How to Throw an On-Theme and Elegant 'Game of Thrones' Viewing Party

Mary Giuliani — NYC caterer to Bradley Cooper, Matt Damon and Tribeca — shares tips for hosting an impressive dinner pegged to the HBO drama's final-season premiere.
Courtesy of Mary Giuliani
On boards, feature cheese, meats and "Hound Dogs," aka pigs in a blanket. Or assign guests to bring a dish to rep a house, e.g., lemon cakes for Highgarden.

Hollywood caterer Mary Giuliani is known for her playful presentations, such as galaxy-themed doughnuts for Captain Marvel's New York premiere. "Every menu is well thought out and creative, every morsel is artfully prepared," says Andrew Saffir, Cinema Society founder, of Giuliani. The event caterer for Bradley Cooper, Matt Damon, HBO and the Tribeca Film Festival released her memoir, titled Tiny Hot Dogs, on April 9, so THR reached out for Game of Thrones viewing-party tips in time for the show's April 14 premiere. Giuliani gave suggestions that follow her patented format: Eat, Drink, Play, Recover. 


"Wooden boards are perfect for your Game of Thrones feast," says Giuliani. "Arrange them down the center of your table like a runner and fill them with chicken wings and legs," a nod to The Hound, who rode off on a horse with Arya Stark while gnawing on a chicken leg. In honor of Peter Dinklage, who plays Tyrion Lannister and is a well-known vegan, Giuliani recommends offering veggie pot pies or cauliflower steaks. Include a deviled-egg bar with three fiery toppings (red pepper, paprika and jalapeno) to pay homage to Daenerys' three dragons.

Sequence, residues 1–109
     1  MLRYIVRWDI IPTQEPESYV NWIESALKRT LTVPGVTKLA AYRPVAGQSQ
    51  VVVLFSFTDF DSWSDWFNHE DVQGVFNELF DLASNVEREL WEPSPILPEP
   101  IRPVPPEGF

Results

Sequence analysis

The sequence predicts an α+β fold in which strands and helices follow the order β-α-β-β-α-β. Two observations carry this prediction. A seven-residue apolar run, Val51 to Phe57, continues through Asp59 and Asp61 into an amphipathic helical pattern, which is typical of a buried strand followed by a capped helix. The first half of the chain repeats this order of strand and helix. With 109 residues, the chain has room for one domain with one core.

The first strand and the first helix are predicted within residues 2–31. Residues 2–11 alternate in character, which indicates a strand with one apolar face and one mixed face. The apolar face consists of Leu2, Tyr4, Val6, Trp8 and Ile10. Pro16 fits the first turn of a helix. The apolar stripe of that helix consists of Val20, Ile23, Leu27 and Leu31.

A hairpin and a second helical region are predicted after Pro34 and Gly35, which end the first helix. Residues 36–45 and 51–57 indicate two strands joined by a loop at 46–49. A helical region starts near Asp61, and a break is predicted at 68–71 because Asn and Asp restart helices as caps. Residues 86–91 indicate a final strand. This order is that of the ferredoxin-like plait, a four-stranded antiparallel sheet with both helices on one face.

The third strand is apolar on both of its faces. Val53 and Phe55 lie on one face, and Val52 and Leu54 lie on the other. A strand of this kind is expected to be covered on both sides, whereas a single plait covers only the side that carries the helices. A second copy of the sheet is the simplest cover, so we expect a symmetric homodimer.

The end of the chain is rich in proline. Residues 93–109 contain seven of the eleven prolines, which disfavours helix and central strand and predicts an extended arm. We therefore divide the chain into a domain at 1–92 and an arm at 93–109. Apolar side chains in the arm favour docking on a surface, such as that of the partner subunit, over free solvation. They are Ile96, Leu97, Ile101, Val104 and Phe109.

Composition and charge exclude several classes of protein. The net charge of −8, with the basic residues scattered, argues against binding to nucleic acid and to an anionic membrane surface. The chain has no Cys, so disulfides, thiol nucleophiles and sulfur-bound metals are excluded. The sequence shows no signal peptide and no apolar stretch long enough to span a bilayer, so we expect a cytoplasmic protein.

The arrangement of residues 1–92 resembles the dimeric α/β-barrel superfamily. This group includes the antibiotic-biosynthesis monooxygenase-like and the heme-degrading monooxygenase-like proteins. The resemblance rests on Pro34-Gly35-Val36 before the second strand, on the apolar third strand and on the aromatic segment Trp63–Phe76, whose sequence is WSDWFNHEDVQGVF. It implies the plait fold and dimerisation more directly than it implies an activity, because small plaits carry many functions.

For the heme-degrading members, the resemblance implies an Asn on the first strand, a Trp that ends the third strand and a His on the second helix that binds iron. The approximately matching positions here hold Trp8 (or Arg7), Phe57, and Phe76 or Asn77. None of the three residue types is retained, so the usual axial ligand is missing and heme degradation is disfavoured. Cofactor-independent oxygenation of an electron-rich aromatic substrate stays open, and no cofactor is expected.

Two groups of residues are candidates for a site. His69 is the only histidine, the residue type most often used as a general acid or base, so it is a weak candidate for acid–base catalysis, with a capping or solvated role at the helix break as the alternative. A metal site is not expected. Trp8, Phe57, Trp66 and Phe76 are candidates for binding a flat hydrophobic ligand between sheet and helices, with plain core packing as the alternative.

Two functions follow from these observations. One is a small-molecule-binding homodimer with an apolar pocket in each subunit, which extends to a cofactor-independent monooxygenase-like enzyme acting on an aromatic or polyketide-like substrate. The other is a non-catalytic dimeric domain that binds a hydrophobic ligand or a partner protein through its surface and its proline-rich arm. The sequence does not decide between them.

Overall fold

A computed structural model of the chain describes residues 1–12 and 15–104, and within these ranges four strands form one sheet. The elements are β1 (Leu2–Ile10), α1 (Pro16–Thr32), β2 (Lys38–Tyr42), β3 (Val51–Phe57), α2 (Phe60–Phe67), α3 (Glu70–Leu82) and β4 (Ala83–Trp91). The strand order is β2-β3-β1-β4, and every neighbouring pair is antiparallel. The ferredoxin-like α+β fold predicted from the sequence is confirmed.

“Another great idea is to invite your guests for a Game of Thrones potluck,” Giuliani says. “Assign your guest a 'house' and they have to come up with dishes that best represent that family.” For example, the Tyrells of Highgarden could feature the lemon cakes that Sansa once refused to eat while there, surrounded by edible flowers in reference to the (now deceased) house's lush gardens.


"I love a punch bowl because I hate playing bartender all night," says Giuliani. Blood oranges, symbolic of carnage and Dorne's hot climate, work as a base ingredient. "Arrange the bowl in the center of your table and let your guests drink from it." Use 3 bottles of cranberry juice; 1 gallon of orange juice (or freeze into ice cubes); 2 bottles of blood orange soda; 1 bottle of vodka or tequila; 1 cup of black cherries; 1 cup of sliced blood oranges. Garnish with edible gold and silver flecks (at craft stores and Amazon). Serve over ice. 


To set a winning Game of Thrones table, Giuliani suggests using lots of levels, filled with taper candles and candelabras. Try mixing metal, furs, wood and mounted animal heads (real or fake) and scatter dried herbs. “The Wall is the frozen, northernmost point of the land, that until the end of last season separated the living from the White Walkers,” says Giuliani. “So you could create a physical wall down the middle of the table with one side being greenery, edible flowers, wood, lush and the other side being stark, white and cold in decorations, plates and glassware.”

Offer an activity during commercial breaks. Between takes while filming Game of Thrones, Sophie Turner (Sansa Stark) has a philosophy club with Finn Jones (Loras Tyrell), so you might make a stack of cards with questions that relate to the show, such as those in the book Game of Thrones and Philosophy: Logic Cuts Deeper Than Swords. An example: “How far should you go to protect your family and its secrets?”


Says Rachael Ray of Giuliani: “Her name attached to an event, a book, a menu, or a meal, is a golden ticket to good times.” Since those good times can sometimes lead to headaches the next day, Giuliani suggests sending departing guests home with an elixir plan. “Send your guests home with all the makings for a delicious hangover elixir or potion,” she says. “I love filling a bag with fresh berries, one banana, individual almond milk and almond butter packets, and a scoop of oatmeal. All they have to do is throw everything in the blender the next morning and they are all set.”

A version of this story first appeared in the April 11 issue of The Hollywood Reporter magazine. To receive the magazine, click here to subscribe.